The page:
3. 4 out of 5

    J. Wallace

    Good book that discusses the philosophical biases and presuppositions that impact issues of faith and reason. I also discuss this topic in my book, “Cold Case Christianity” (Chapter 1: Don’t Be A “Know-It-All”) Cold-Case Christianity: A Homicide Detective Investigates the Claims of the Gospels

  4. 4 out of 5

    Jamey

    This is a bit like reading Paradise Lost -- but with none of the pleasure -- in that you're watching the contortions of a Christian as he struggles to deceive himself and his naive readers, and you sense that somewhere beneath all this casuistry the guy knows that what he's saying just cannot be true. A special aspect of the disingenuous hokum in this book and others in its little posse -- the recent Christian "worldview" books, for instance To Every One An Answer by Norman Geisler, or Naming th This is a bit like reading Paradise Lost -- but with none of the pleasure -- in that you're watching the contortions of a Christian as he struggles to deceive himself and his naive readers, and you sense that somewhere beneath all this casuistry the guy knows that what he's saying just cannot be true. A special aspect of the disingenuous hokum in this book and others in its little posse -- the recent Christian "worldview" books, for instance To Every One An Answer by Norman Geisler, or Naming the Elephant by James Sire -- is this: they figured out that you piss people off and look dumb if you stick with the claim that your religion is uniquely true, but they remain committed to the premise that, well, their religion is uniquely true. So they creep up to the edge of the terrifying abyss of relativism (which is actually the edge of intellectual maturity) and then stop short because they're just pretending to respect other worldviews. Just as "intelligent design" is a sneaky extension of creationism, this worldview-Christianity uses the language of pluralism to smuggle-in its own beshitted security blanket.

  5. 5 out of 5

    Clinton Wilcox

    An excellent introduction to philosophy written by two Christian intellectual heavyweights. They don't just review the positions they take, but they review other positions on a multitude of different topics and give them a fair treatment. It is probably not for everyone; those without an interest in philosophy probably won't find it very stimulating. But if you'd like to go deeper in your Christian faith, or if you're just looking for a general introduction to philosophy, this is a great book fo An excellent introduction to philosophy written by two Christian intellectual heavyweights. They don't just review the positions they take, but they review other positions on a multitude of different topics and give them a fair treatment. It is probably not for everyone; those without an interest in philosophy probably won't find it very stimulating. But if you'd like to go deeper in your Christian faith, or if you're just looking for a general introduction to philosophy, this is a great book for you.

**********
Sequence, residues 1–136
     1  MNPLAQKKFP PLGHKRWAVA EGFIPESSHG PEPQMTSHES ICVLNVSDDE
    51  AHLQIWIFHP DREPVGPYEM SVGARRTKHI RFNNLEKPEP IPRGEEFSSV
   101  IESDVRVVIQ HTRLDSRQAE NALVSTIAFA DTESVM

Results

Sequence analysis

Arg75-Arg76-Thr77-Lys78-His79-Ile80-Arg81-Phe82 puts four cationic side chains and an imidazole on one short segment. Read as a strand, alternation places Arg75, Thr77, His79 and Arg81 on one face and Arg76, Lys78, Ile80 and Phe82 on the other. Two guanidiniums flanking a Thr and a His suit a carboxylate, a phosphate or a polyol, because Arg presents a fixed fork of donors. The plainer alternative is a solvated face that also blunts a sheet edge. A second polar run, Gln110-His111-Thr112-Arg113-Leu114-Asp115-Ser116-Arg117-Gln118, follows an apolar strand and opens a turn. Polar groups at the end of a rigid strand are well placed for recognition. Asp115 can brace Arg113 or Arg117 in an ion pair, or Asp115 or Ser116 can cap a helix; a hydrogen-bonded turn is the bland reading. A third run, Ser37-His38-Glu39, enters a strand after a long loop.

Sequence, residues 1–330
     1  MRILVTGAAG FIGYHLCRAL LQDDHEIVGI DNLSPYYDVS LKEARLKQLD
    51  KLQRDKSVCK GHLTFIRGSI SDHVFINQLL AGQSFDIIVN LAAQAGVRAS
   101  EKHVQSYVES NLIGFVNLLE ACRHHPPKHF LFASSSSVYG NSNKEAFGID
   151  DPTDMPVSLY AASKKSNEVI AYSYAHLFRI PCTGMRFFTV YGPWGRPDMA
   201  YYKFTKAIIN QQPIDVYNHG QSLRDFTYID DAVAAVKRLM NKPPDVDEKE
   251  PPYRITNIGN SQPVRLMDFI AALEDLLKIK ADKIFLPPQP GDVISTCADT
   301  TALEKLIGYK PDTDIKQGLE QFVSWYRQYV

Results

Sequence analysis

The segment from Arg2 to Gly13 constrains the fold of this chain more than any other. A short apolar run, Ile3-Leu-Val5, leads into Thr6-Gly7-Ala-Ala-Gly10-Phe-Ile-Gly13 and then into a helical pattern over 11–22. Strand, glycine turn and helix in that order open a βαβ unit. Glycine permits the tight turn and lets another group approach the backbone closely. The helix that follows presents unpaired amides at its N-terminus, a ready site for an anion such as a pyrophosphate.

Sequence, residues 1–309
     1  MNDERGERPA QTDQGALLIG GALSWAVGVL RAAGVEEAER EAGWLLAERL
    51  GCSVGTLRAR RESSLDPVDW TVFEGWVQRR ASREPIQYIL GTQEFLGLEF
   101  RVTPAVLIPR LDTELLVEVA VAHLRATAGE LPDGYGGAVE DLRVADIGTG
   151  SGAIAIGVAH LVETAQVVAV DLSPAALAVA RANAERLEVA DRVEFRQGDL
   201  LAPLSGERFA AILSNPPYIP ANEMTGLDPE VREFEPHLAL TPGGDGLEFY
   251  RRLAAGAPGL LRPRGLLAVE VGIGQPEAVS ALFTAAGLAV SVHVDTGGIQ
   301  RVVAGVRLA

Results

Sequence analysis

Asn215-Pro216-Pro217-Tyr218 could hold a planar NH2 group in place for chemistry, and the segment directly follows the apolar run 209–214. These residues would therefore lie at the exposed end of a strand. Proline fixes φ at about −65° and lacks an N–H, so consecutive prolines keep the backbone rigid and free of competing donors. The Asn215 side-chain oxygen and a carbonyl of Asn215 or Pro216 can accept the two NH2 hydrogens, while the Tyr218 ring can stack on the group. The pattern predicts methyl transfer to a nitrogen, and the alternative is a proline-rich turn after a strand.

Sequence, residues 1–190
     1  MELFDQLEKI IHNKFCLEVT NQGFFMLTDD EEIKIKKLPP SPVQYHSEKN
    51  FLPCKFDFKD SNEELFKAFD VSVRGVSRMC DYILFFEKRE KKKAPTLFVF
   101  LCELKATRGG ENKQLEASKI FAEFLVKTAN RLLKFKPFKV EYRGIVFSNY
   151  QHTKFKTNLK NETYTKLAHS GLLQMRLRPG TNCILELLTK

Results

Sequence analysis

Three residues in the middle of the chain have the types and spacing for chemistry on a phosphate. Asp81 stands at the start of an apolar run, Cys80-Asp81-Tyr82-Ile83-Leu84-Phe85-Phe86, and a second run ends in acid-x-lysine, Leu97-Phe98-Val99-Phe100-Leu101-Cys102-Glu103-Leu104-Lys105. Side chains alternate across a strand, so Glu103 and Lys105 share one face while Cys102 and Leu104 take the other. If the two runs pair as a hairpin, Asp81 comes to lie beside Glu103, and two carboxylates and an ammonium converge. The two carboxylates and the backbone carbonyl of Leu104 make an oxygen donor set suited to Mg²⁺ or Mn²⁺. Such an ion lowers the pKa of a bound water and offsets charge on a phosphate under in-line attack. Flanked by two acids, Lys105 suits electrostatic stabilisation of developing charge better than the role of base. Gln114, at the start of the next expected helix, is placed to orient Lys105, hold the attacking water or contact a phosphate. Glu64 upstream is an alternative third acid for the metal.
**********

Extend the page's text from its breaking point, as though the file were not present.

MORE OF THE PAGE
6. 5 out of 5

    Christopher

    When one thinks about philosophy and religion in America, one tends to think of an intellectual war not too dissimilar to that between science and religion, if there even is such a thing. However, one development in academia in recent years has been the philosophical resurrection of theism as a plausible intellectual alternative. Authors William Lane Craig and J.P. Moreland have been at the forefront of this movement and this textbook represents their synthesis of Western philosophical thinking When one thinks about philosophy and religion in America, one tends to think of an intellectual war not too dissimilar to that between science and religion, if there even is such a thing. However, one development in academia in recent years has been the philosophical resurrection of theism as a plausible intellectual alternative. Authors William Lane Craig and J.P. Moreland have been at the forefront of this movement and this textbook represents their synthesis of Western philosophical thinking and Christian theism. And when I say textbook, I mean it. This is not a very accessible book to the casual reader. In fact, the casual reader would be better off tackling Mr. Craig's On Guard: Defending Your Faith with Reason and Precision or Reasonable Faith: Christian Truth and Apologetics. This book is targeted for philosophy students at a university level, and Christian philosophy students in particular. The uninitiated will have a difficult time slogging through this book like I did with chapter 2's rules of logic and argumentation being a particularly early and high hurdle to leap over. Better to take the authors at their word and use this book more as a reference rather than as a book to be read cover to cover. That is not to say that none of this is interesting or insightful. Parts IV and VI, which deal with the philosophy of science and the philosophy of religion and philosophical theology, are particularly interesting. In some ways this is not a great textbook either. Although it has chapter summaries and lists of key words used in each chapter, there are no chapter questions to answer to aid in comprehension, nor are the key words defined at the end of the chapter, although they are bolded throughout the text, so finding their definitions shouldn't be too hard. The final word though is to try your hand at an easier book if you are not already familiar with philosophical concepts and if you are familiar to use this book as a reference book rather than a book to read casually.